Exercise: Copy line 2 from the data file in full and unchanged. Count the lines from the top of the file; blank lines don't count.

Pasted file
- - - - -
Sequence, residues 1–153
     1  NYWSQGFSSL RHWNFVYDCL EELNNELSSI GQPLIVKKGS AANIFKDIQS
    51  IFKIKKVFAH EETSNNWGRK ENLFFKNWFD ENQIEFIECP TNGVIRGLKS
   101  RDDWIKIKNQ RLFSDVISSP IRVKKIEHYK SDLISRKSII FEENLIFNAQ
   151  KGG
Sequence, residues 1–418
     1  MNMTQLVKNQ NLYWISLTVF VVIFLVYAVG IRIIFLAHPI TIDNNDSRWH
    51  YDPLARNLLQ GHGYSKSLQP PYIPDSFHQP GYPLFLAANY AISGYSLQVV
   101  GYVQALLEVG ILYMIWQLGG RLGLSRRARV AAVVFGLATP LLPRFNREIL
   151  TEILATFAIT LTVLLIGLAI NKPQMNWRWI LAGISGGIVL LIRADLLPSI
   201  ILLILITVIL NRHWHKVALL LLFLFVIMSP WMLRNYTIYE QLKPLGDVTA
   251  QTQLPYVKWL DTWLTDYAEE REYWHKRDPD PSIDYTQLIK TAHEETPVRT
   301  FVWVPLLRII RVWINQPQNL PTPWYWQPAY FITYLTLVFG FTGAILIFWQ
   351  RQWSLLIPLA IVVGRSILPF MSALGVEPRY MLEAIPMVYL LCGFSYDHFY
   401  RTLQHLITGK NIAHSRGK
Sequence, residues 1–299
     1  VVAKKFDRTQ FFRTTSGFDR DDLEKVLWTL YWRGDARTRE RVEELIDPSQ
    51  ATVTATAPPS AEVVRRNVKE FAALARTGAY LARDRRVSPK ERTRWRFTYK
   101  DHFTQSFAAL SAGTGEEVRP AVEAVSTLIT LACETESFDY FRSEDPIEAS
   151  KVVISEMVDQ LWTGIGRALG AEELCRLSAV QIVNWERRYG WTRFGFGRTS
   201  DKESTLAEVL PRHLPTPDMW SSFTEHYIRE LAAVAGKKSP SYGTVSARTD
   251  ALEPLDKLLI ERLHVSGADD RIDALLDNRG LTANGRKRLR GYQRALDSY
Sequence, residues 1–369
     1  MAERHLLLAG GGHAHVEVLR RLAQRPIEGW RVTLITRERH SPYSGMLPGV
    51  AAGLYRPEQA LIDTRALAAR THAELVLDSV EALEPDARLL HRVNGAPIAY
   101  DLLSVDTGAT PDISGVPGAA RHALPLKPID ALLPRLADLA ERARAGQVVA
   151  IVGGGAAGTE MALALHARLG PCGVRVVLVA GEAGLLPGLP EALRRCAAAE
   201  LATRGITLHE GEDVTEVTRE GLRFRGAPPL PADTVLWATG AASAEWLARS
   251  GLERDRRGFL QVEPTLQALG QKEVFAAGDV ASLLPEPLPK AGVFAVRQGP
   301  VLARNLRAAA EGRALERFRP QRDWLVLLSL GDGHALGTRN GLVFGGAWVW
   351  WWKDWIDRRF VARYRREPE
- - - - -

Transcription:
     1  NYWSQGFSSL RHWNFVYDCL EELNNELSSI GQPLIVKKGS AANIFKDIQS